Of other new establishments relating to commerce and industry I have to mention the " Exchange for Agricultural Produce," the "korse fairs," (on both of which I have fully reported before,) and the “permanent exhibition of machinery of Messrs. Sountag & Wirth.” The latter very useful establishment, as yet the only one in Germany, contains an extensive apartment of machines of all kinds and for every purpose, both steam and hand power, and its principal object is to disseminate the knowledge of all new inventions of that nature. The directors took, of course, a great interest in the late "international exhibition” at Hamburg, and have since, by their exertions, introduced into Germany a great number of the American machines exhibited on that occasion. Recently, at my suggestion, they put themselves in communication with Mr. William Lee, of the well-known New York and London Steam Fire-engine Company," of W. Lee & Co.

I beg to add here a few remarks on American machines already imported into Germany and on those which still appear to be desirable. The principal articles of machinery as yet exported from the United States, with the exception of steam fire-engines, are sewing and agricultural machines and machines for working woods. There are also machines for the preparation of caoutchouc, (gutta-percha,) of which several have been imported lately for the establishment of a factory. This factory was to be crected in the neighborhood of Frankfort, but, as no suitable place could be found, and there were also legal difficulties, the promoters of the undertaking, Messrs. Oscar Falke & Co., of New York, removed to Mannheim, where another American manufactory of gutta-percha already exists, under the management of Mr. Howell.

Induced by the rise of wages, as well as by the extraordinary increase of the building mania, the carpenters, house-carpenters, wheelwrights, &c., looked after machines for the working of wood, in which the Americans have long been known to be the best. The exhibition in London, and lately that in Hamburg, at which several English and American machines for working wood were shown in active operation, encouraged people to procure them. For some years past public attention has been directed to the superiority of American machines in working wood in the "Arbeitgeber,” (workmen's employer,) a journal edited by the well-known writer on national economy, Max Wirth, who lately published a German translation of the “Principles of Social Science," of the American Carey, accompanied by a preface. În consequence, when Messrs. Sountag & Wirth's exhibition of machinery, whose organ the “ Arbeitgeber" is, was opened, numerous inquiries for such machinery were made at that establishment; but, as is often the case with new inventions, no one would undertake the risk of making a beginning and of ordering over machines on his own account. It would be of great advantage to the American manufacturers of machinery if they would, respectively, like Messrs. Lee & Co. and the Amoskeag Company, arrange to send over specimens here and exhibit them. Foreign machines enjoy the privilege of exemption from duty as long as they are in the exhibition here, and in being sold to foreign countries, therefore, they can still be delivered duty free.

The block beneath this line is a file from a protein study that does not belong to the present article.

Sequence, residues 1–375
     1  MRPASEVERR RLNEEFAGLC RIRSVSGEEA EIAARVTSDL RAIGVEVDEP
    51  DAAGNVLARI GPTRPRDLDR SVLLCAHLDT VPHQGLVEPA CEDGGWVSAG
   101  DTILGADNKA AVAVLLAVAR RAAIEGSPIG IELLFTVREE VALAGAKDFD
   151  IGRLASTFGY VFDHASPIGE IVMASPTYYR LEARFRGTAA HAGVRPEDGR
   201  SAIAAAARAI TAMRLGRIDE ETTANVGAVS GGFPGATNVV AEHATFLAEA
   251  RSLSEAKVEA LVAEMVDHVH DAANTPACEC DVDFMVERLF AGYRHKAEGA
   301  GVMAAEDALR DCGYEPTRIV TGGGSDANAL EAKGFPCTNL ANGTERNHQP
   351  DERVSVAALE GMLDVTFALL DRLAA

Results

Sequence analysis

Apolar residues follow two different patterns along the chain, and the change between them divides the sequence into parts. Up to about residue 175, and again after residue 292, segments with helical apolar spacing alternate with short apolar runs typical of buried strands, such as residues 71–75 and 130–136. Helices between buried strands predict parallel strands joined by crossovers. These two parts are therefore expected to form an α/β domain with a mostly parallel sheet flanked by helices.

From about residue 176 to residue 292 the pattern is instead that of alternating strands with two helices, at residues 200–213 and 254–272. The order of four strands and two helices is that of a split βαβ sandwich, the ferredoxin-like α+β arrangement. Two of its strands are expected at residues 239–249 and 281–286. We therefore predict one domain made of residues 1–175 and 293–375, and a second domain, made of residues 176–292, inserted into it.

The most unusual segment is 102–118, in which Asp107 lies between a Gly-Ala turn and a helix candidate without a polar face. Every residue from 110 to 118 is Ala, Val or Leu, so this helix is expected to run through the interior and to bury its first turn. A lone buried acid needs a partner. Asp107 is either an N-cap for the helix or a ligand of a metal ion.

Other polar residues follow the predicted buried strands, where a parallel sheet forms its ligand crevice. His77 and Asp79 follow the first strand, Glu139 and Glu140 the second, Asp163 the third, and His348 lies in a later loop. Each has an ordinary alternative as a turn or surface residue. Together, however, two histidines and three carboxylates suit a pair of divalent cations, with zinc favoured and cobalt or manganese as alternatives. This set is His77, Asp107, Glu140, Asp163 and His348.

The attention of the manufacturers here has also been turned lately to the new American machines for working hemp and flax, which was a desideratum in Germany, as so many had been brought into use already here, although none with a perfectly satisfactory result. For such articles as these, also, American machine manufacturers might find a good sale. The best example of this may be seen in what took place with respect to the sewing machine. This had been in use and its excellency universally acknowledged many years before it found its way into Germany. Its usefulness was pointed out by the journal already mentioned as early as the year 1856, and yet it was not until 1860 that an agency for sewing machines was established.

The celebrated manufactory of Grover & Baker was the first that contributed to it; that of Wheeler & Wilson followed two years after, and now there are three agencies in existence in this city which only deal in sewing machines, and those chiefly American. Had American manufacturers given such inducements earlier, they would have gained many years, and might have been in possession of the whole market.

A closer connexion in business with Germany, and especially with Frankfort, would conversely be of great advantage to the Americans also, since they would become better acquainted with German inventions, which now appear among us only rarely, and under other forms. A mechanician of this place has, as already mentioned in my last annual report, taken out a patent for a machine for husking com, which it seems is as yet imperfect, but might be of greatest service to America, as it enables from ten to fifteen per cent. more flour to be obtained from grain than hitherto. A similar process has been invented lately by a manufacturer in Bavaria; and if this also, which has not been made known, should prove to be imperfect, it might still, perhaps, serve to put American inventors on the right path, and lead them, with their practical talent for such things, at last to find out what is required. The same may be said respecting a new mode of preserving corn by an apparatus which is shortly to be exhibited here, and has been already introduced into Hamburg.

As regards Frankfort as a place of commerce specially, it may be interesting to glance at the history and importance of the river Main, by which its name is distinguished. Assuming, then, the geographical position of the Main in general to be known, I may mention that besides Bavaria, which has the largest extent of bank on that river, Grand Ducal Baden possesses, on the left bank, an extent of seven leagues, from above Westheim to below Frendenburg, Grand Ducal Hesse one of twelve leagues, from above Seligenstadt the whole way to the Mainspitze, at Main, with the exception of two leagues of Frankfort territory, which is situated between, and of a little district of about half a league, (Schwanheim,) opposite to Hochst, and belonging to Nassau, while on the right bank Electoral Hesse has an extent of five leagues, from below Dettingen as far as to behind Mainkur, the free city of Frankfort one of two leagues, half way to Hochst, and the Duchy of Nassau a similar one of six leagues, from thence as far as half way to Hockheim, Kostheim belonging to Grand Ducal Hesse.

The navigability of the Main (for rafts) begins as high up as Mamleis, in